Thursday was our last whole day in London. We went to Parliament again and got to go inside. We went into the House of Commons first and then into the House of Lords. The House of Lords was actually more interesting to see than the House of Commons, this probably because we weren’t separated from the Lords with a glass wall like with the Commons.

Political issues in Britain that aren’t Brexit

This lessons I learned that the UK struggles a lot with homelessness. The number of homeless people has doubled since 2010. And even having a job in the UK does not guarantee a roof over your head. Also, some shocking statistics show us that every hour five families in the UK become homeless. In 2016, 43 140 families were accepted as homeless by their local council. This is a rise of 32% over the five years before. This is because of a “drought of affordable homes.” Families are forced to live in one room hostels or emergency bed and breakfasts, eating of the floor and often with siblings sharing single beds.

We don’t see much of that in the worldwide media because we only hear about Brexit instead of what is actually happening to the people in Britain.

 

 

My first blog post in social studies

About me:

Hi, my name is Hilde and I’m 17 years old. I chose the social studies class because I want to know more about the political systems in Britain and the USA and more history behind those countries. My expectations for this class is that I will learn something I didn’t know beforehand, (and also go on a trip to England)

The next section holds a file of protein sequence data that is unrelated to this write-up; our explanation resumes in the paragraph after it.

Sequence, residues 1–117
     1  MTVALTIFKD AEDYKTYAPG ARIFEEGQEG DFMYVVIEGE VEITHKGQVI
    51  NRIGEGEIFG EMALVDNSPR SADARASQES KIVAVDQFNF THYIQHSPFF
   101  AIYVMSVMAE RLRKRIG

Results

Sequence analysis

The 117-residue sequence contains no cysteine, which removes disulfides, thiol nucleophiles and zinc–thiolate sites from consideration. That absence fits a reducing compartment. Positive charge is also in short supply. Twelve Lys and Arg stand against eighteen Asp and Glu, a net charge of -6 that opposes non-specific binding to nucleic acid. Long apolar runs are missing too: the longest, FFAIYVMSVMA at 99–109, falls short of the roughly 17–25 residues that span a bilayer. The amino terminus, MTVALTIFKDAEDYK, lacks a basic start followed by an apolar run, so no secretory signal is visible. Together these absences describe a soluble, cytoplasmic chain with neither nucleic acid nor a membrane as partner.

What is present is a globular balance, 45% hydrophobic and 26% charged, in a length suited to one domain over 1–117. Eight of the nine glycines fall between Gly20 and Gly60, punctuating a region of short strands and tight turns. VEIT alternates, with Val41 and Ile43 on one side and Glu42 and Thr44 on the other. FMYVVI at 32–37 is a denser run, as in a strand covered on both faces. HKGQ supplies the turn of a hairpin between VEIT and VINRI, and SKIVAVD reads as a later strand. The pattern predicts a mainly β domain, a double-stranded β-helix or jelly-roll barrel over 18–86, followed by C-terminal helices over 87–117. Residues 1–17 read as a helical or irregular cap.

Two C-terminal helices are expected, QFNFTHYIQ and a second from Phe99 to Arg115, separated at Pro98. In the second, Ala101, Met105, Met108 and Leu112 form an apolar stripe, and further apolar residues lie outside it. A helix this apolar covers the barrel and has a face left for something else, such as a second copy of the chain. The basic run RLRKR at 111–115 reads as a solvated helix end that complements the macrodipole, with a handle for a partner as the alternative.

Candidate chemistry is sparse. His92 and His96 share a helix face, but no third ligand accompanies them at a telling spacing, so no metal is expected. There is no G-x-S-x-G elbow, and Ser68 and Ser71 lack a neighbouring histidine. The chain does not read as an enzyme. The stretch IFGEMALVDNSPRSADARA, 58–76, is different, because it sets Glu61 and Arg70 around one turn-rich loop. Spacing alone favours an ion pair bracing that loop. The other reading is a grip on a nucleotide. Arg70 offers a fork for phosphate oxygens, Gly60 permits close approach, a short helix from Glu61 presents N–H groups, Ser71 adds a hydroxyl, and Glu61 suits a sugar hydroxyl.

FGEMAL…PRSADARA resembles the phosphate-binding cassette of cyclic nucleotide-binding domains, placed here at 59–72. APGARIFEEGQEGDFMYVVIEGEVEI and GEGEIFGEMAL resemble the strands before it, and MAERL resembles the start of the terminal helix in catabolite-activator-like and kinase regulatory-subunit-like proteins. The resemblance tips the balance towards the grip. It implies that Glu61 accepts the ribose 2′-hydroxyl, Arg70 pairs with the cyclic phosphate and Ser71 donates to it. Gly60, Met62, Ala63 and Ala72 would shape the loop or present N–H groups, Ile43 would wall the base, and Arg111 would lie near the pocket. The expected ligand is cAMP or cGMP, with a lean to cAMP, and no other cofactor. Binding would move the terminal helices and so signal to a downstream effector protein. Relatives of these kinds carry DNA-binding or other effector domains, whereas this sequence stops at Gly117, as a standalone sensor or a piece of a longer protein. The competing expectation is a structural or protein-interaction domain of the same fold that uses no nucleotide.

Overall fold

What I’ve learned:

I’ve learned that in Britain the parliament is made up of the House of Lords and the House of Commons, where the House of Lords is made up of the Lords Spiritual who are 26 bishops and the Lords Temporal are mostly life peers. There are 800 people in the House of Lords, all of them appointed by either the Queen on the Prime Minister’s- or the House of Lord’s advice. In the House of Commons, there are 646 members, and all of them are elected. In Britain, it is a “winner takes it all” system which means that the political party with the most votes wins, it is the same in the US but there the other party could have majority of people in the congress. Example: The Republican party wins the presidential election but the majority in the Congress is Democratic.